For pet owners and practitioners, the events surrounding the end of a pet’s life are as important and meaningful as the sum of all the care provided throughout his lifetime.
A first for the veterinary profession, these groundbreaking guidelines will provide practice teams with the framework and tools to develop a comprehensive, collaborative end-of-life plan and better recognize the needs of patients, clients, and team members during this difficult time.
“End-of-life decisions are medically, emotionally, and ethically challenging for everyone involved,” said Brenda Stevens, DVM, DABVP (C/F), co-chair of the task force that authored the guidelines. “After the loss of a pet, studies show 30 percent of pet owners experience significant grief and 50 percent will doubt their decision following euthanasia. In addition, team members who work with end-of-life patients and their owners have a higher risk of developing compassion fatigue.”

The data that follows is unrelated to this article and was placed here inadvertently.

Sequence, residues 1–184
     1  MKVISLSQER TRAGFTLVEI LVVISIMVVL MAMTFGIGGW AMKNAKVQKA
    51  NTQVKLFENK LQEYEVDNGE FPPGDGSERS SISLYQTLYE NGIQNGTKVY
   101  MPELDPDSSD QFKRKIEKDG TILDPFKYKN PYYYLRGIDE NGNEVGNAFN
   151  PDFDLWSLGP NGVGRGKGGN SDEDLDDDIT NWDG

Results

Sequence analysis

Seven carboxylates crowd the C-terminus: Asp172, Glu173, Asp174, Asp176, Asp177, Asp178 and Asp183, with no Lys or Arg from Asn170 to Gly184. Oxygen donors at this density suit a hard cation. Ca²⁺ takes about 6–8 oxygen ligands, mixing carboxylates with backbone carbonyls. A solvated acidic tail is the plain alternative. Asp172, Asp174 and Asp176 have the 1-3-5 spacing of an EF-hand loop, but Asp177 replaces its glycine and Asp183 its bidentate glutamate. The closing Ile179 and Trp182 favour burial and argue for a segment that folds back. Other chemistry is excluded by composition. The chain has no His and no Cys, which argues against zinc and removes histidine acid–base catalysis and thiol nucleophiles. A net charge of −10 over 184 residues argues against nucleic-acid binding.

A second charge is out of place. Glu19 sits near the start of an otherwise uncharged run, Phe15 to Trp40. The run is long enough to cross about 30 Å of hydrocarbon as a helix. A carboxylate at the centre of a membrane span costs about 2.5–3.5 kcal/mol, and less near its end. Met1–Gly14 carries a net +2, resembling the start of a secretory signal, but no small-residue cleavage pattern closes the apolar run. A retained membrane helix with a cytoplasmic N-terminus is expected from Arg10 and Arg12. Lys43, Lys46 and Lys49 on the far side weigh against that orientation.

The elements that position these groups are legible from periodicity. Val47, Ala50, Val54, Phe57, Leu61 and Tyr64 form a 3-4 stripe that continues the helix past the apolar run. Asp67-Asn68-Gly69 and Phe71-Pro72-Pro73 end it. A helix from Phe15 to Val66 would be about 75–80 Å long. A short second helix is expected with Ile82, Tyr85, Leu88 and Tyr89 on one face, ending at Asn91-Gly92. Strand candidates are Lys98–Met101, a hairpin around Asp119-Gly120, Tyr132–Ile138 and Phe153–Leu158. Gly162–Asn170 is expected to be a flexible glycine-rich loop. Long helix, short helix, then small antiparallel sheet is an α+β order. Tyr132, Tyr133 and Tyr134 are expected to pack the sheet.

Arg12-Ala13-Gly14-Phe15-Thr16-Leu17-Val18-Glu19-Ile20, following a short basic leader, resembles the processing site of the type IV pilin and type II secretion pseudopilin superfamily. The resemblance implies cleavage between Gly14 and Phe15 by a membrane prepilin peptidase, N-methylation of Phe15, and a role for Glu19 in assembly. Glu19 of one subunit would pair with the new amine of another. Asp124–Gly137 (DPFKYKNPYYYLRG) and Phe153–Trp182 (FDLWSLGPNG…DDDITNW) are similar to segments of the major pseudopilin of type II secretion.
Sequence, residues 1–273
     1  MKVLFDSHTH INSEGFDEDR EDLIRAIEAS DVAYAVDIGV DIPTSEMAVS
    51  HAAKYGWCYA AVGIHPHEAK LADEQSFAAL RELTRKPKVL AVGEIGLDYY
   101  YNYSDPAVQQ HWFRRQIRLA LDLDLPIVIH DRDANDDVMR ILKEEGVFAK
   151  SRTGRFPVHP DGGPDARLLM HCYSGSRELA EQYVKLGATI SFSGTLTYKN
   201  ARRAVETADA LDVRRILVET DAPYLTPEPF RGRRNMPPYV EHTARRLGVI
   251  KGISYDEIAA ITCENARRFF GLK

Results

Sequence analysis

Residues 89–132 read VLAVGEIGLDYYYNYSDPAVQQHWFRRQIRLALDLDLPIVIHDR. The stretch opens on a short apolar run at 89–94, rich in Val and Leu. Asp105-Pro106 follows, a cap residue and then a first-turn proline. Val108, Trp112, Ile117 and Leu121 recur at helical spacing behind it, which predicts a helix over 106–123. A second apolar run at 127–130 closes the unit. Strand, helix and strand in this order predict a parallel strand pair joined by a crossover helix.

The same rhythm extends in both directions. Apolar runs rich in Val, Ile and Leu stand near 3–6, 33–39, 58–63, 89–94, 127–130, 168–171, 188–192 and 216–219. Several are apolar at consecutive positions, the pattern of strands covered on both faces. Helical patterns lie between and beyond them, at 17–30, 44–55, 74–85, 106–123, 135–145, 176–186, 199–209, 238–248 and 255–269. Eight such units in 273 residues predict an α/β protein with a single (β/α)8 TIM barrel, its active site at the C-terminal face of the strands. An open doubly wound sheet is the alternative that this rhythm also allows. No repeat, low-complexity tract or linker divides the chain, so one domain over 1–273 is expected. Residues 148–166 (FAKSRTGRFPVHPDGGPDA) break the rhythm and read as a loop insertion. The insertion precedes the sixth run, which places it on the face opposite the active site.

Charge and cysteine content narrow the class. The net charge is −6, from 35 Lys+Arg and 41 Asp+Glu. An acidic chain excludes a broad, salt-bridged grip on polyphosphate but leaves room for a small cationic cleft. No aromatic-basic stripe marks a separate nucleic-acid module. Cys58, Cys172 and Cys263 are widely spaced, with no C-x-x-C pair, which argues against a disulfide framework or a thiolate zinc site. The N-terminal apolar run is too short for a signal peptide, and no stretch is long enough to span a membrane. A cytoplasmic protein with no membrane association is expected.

In veterinary medicine, these issues are especially prevalent because veterinary professions encounter death three times more often than their human medicine counterparts.
Sponsored by the AAHA Foundation, Aratana Therapeutics, Ceva Animal Health, and MWI Animal Health/AAHA MARKETLink, the 2016 AAHA/IAAHPC End-of-Life Care Guidelines review the latest information to help staff address central issues and perform essential tasks to improve the quality of life of a pet who has entered the final life stage. In addition, these guidelines define the role of each staff member so everyone on the healthcare team can work together to offer the best-quality medical care.
“Aligning practice protocols with AAHA guideline recommendations is a key step in ensuring your practice continues to deliver the highest standard of care,” said Michael Cavanaugh, DVM, DABVP (C/F), AAHA chief executive officer.
The guidelines will be published in the November/December edition of the Journal of the American Animal Hospital Association (JAAHA) and the December edition of Trends magazine. They are also free and available to the public at aaha.org/guidelines.